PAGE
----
Lee D, Zhao X, Heo H, Zhang Y, Jiang S, Zhou J (2016) Dynamic changes of amide proton transfer (APT) and multi-parametric MR signals in transient focal ischemia in rats. In: Proc 24th Annual Meeting ISMRM SingaporeGoogle Scholar
  32. 32.
    An HY, Ford AL, Chen YS et al (2015) Defining the ischemic penumbra using magnetic resonance oxygen metabolic index. Stroke 46:982–988CrossRefGoogle Scholar
  33. 33.
    Pan J, Konstas AA, Bateman B, Ortolano GA, Pile-Spellman J (2007) Reperfusion injury following cerebral ischemia: pathophysiology, MR imaging, and potential therapies. Neuroradiology 49:93–102CrossRefGoogle Scholar
  34. 34.
    Bivard A, Krishnamurthy V, Stanwell P et al (2014) Spectroscopy of reperfused tissue after stroke reveals heightened metabolism in patients with good clinical outcomes. J Cereb Blood Flow Metab 34:1944–1950CrossRefGoogle Scholar
  35. 35.
    Wey HY, Desai VR, Duong TQ (2013) A review of current imaging methods used in stroke research. Neurol Res 35:1092–1102CrossRefGoogle Scholar
  36. 36.
    Obrenovitch TP (1995) The ischaemic penumbra: twenty years on. Cerebrovasc Brain Metab Rev 7:297–323PubMedGoogle Scholar
  37. 37.
    Thornton JS, Ordidge RJ, Penrice J et al (1998) Temporal and anatomical variations of brain water apparent diffusion coefficient in perinatal cerebral hypoxic-ischemic injury: relationships to cerebral energy metabolism. Magn Reson Med 39:920–927CrossRefGoogle Scholar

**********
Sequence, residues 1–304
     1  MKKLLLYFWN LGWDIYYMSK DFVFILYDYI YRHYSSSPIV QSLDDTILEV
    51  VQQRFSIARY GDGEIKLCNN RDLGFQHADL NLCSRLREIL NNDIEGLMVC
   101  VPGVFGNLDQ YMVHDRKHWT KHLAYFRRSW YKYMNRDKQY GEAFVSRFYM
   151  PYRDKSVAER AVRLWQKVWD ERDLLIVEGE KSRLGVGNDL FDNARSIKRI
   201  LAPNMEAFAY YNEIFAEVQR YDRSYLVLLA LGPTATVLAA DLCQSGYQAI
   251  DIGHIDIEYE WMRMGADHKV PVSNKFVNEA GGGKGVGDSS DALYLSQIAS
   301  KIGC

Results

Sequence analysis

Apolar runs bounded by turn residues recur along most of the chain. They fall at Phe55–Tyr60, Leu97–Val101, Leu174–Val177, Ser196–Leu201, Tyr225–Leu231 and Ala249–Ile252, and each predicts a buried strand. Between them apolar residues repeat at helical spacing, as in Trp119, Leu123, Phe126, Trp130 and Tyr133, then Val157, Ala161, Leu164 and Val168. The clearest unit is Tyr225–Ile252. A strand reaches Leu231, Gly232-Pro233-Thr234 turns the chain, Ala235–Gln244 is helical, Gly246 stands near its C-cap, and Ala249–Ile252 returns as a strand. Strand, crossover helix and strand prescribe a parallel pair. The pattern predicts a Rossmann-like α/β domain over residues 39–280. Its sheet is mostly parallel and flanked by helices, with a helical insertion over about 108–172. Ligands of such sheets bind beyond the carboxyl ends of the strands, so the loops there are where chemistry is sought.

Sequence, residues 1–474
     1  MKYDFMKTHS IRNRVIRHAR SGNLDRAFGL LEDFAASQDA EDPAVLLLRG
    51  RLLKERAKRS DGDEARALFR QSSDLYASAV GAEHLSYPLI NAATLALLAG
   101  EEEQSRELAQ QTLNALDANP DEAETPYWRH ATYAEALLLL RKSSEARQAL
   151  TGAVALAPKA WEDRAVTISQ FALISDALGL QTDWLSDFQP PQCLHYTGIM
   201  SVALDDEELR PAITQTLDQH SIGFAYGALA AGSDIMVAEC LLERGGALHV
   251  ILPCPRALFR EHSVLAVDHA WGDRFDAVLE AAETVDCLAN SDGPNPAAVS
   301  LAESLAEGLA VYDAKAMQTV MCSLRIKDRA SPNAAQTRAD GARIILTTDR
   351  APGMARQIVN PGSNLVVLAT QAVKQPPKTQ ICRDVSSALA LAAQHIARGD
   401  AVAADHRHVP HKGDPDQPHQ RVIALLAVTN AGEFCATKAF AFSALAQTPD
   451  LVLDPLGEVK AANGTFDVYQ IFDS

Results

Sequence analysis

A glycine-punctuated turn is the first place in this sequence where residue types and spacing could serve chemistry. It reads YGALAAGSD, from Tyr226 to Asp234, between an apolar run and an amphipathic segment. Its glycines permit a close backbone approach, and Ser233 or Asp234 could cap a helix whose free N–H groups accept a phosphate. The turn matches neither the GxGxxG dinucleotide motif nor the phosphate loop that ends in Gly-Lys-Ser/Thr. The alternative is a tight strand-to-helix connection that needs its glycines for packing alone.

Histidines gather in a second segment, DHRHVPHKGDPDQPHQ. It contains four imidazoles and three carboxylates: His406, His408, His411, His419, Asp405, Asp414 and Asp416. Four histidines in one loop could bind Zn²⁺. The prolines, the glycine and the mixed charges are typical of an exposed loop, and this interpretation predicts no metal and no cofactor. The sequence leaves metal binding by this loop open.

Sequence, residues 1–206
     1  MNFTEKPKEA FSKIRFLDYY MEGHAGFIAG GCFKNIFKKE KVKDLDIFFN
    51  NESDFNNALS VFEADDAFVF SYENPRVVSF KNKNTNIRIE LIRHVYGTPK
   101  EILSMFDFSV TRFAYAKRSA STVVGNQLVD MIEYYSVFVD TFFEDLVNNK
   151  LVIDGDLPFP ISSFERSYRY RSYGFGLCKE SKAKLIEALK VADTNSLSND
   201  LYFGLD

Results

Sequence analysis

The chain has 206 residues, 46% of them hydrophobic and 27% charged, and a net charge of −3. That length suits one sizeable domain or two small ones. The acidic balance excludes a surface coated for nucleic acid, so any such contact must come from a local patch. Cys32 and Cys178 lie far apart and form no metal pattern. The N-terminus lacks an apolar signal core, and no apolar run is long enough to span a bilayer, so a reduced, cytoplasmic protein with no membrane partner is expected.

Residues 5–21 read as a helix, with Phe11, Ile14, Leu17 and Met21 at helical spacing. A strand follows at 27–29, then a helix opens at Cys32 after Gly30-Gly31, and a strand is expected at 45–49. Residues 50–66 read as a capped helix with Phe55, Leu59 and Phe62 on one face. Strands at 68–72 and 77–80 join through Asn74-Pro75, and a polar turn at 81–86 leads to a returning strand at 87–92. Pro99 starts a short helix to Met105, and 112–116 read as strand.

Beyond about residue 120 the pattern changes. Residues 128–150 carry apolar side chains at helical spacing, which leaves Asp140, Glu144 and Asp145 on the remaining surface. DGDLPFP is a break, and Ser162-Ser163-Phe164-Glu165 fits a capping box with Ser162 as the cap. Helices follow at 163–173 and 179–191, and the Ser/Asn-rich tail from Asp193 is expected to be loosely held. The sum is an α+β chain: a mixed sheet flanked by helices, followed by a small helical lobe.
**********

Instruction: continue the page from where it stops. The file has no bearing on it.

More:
38. 38.
    Xue R, Sawada M, Goto S et al (2001) Rapid three-dimensional diffusion MRI facilitates the study of acute stroke in mice. Magn Reson Med 46:183–188CrossRefGoogle Scholar
  39. 39.
    Dijkhuizen RM, Knollema S, van der Worp HB et al (1998) Dynamics of cerebral tissue injury and perfusion after temporary hypoxia-ischemia in the rat: evidence for region-specific sensitivity and delayed damage. Stroke 29:695–704CrossRefGoogle Scholar
  40. 40.
    Yamasaki F, Takaba J, Ohtaki M et al (2005) Detection and differentiation of lactate and lipids by single-voxel proton MR spectroscopy. Neurosurg Rev 28:267–277CrossRefGoogle Scholar
  41. 41.
    Heo HY, Zhang Y, Lee DH, Hong X, Zhou J (2016) Quantitative assessment of amide proton transfer (APT) and nuclear overhauser enhancement (NOE) imaging with extrapolated semi-solid magnetization transfer reference (EMR) signals: application to a rat glioma model at 4.7 tesla. Magn Reson Med 75:137–149CrossRefGoogle Scholar
  42. 42.
    Heo HY, Zhang Y, Jiang S, Lee DH, Zhou J (2016) Quantitative assessment of amide proton transfer (APT) and nuclear overhauser enhancement (NOE) imaging with extrapolated semisolid magnetization transfer reference (EMR) signals: II. Comparison of three EMR models and application to human brain glioma at 3 tesla. Magn Reson Med 75:1630–1639CrossRefGoogle Scholar
  43. 43.
    Dula AN, Smith SA, Gore JC (2013) Application of chemical exchange saturation transfer (CEST) MRI for endogenous contrast at 7 tesla. J Neuroimaging 23:526–532CrossRefGoogle Scholar

Copyright information

© European Society of Radiology 2019

Authors and Affiliations

  1. 1.Department of Radiology and Research Institute of RadiologyUniversity of Ulsan College of MedicineSeoulSouth Korea
  2. 2.Asan Institute for Life SciencesAsan Medical CenterSeoulSouth Korea
  3. 3.University of Ulsan College of Medicine, Asan Medical CenterSeoulSouth Korea

Personalised recommendations